1. And on the issue of Japan and retractions, another scandal plagues a major newspaper giant, and “Japan PM’s liberal newspaper critic”, Asahi newspaper. It is planning to retract an article and apologise for the delayed retraction of others. The article states: “withdrawing a controversial article on the Fukushima nuclear crisis that it now said was erroneous. It was also apologising for belatedly retracting decades-old articles on wartime atrocities based on an account later found to be fictitious.”
        The problem is it does not actually state the exact original article, or provide a link to it. Society hopes that the retracted article will remain in public with a red stamp that states RETRACTED on it.

  2. I’m gratified to see the Anoop Shankar story, highlighting Retraction Watch, was your lead. The Charleston Gazette link you provided above mentions some of Anoop’s work on potential negative health effects of C8 (perfluoro-octanoic acid.) Anoop was an author of well over 100 papers when coauthorship is included. I believe it will be a challenge to determine whether any papers involve academic dishonesty. I have already alerted biostaticians Baggerly and Coombes at M.D. Anderson. Previously, Baggerly and Coombes called into question the research results of former Duke University researcher Anil Potti.

    A Google search on the four search terms Anoop Shankar M.D. Ph.D. reveals some of the breadth of his self-promotion. A Medline search for the author Shankar, Anoop shows publications associated with him. Curiously, a Medline search for the author Anoop, S seems to turn up more.

    Margaret Soltan offers excellent commentary in her 10 September University Diaries article, “Piling On: The Sociopath’s Undoing” http://www.margaretsoltan.com/?p=45503

    1. If Anoop Shankar refuses to make original data available, that should be grounds for retraction of his papers in the last five years. Let’s hope there were not too many honest if unwary collaborators to become collateral damage.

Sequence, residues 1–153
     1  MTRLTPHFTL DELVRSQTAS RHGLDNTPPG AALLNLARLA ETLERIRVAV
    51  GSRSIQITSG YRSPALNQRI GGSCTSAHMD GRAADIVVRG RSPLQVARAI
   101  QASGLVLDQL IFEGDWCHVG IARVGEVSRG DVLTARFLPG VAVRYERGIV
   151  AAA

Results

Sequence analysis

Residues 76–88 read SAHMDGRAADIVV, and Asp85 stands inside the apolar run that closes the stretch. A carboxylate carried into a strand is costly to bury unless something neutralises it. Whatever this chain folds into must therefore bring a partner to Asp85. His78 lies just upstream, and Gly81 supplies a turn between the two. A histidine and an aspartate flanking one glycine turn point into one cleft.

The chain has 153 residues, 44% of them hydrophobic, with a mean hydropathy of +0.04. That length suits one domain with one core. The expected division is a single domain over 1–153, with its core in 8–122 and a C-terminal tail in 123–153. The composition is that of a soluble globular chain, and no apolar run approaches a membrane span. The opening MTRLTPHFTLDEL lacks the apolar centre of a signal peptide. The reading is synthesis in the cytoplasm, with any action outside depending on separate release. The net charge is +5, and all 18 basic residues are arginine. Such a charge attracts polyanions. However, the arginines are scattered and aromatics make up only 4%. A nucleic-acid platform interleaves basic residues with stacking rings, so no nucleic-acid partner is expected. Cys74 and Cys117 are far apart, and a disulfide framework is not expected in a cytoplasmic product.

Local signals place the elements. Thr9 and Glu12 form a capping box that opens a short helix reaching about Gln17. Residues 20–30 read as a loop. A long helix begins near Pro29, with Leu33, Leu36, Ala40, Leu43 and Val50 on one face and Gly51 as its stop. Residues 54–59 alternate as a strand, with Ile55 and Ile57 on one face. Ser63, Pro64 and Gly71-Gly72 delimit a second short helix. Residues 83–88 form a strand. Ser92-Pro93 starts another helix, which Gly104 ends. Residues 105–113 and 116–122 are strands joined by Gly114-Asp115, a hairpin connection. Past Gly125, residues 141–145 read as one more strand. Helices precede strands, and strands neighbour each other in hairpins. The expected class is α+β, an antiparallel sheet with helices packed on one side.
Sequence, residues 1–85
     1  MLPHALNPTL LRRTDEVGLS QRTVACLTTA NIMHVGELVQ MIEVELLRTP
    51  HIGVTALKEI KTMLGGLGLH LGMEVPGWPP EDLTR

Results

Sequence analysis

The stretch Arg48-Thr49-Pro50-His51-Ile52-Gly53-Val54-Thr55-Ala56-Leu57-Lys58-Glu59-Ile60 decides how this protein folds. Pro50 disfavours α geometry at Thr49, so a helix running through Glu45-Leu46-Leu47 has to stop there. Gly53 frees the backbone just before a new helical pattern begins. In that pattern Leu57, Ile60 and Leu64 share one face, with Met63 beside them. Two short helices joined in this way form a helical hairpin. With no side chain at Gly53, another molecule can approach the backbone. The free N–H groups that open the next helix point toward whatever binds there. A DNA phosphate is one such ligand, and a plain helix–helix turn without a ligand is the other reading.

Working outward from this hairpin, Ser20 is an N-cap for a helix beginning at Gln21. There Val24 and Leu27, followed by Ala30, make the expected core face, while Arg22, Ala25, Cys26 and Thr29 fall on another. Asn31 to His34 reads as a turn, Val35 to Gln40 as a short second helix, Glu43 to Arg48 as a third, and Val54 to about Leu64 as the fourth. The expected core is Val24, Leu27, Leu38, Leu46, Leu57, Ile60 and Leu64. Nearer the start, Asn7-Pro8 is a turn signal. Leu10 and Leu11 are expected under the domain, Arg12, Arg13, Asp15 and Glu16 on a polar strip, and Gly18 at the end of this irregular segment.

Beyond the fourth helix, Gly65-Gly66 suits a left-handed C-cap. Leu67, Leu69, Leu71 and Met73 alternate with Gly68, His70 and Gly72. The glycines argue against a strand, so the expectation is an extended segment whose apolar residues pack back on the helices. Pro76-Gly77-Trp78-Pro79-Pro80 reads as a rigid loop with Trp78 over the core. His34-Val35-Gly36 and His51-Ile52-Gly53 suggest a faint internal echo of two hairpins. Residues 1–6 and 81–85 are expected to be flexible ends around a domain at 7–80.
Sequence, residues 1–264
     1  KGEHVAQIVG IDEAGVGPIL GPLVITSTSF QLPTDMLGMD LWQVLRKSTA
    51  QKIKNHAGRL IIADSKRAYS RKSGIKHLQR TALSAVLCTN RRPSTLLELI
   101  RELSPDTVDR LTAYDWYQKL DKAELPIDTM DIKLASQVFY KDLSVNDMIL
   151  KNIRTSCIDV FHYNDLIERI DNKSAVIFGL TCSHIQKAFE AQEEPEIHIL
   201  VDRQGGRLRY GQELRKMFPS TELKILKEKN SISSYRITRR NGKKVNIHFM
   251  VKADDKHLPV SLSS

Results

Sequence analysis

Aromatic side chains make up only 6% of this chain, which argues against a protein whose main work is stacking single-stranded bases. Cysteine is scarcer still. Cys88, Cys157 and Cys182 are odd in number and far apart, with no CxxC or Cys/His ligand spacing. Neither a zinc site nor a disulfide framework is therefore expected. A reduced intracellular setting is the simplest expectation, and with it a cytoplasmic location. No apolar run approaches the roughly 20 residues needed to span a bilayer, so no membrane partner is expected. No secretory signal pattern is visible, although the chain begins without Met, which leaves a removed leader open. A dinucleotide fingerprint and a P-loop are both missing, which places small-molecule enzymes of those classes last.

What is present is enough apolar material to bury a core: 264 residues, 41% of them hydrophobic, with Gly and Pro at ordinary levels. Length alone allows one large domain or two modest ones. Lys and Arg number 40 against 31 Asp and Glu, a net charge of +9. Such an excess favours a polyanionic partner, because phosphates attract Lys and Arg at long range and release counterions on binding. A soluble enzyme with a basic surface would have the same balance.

2. Here are some additional articles regarding the Anoop Shankar story. Each article provides additional details.
      NUS probing work of ex-medicine faculty member 16 September 2014 http://yourhealth.asiaone.com/content/nus-probing-work-ex-medicine-faculty-member
      (RW) Blogger says ‘something slipped through the cracks’ on Shankar case 15 September 2014
      WVU silent on NBC claims school hired fraud professor 12 September 2014
      WVU’s academic embarrassment 12 September 2014
      WVU official addresses Shankar controversy 11 September 2014

      1. Here are more updates:

        Phony Ph.D. Fools West Virginia University, Many Others 16 September 2014

        Number of academic fraud cases on the rise 21 September 2014
        Photo caption: Anoop Shankar, a former National University of Singapore don, is accused of some of the most egregious acts of academic misconduct on record, including making up large chunks of his resume and falsifying data in his papers. – PHOTO: IAN ROCKETT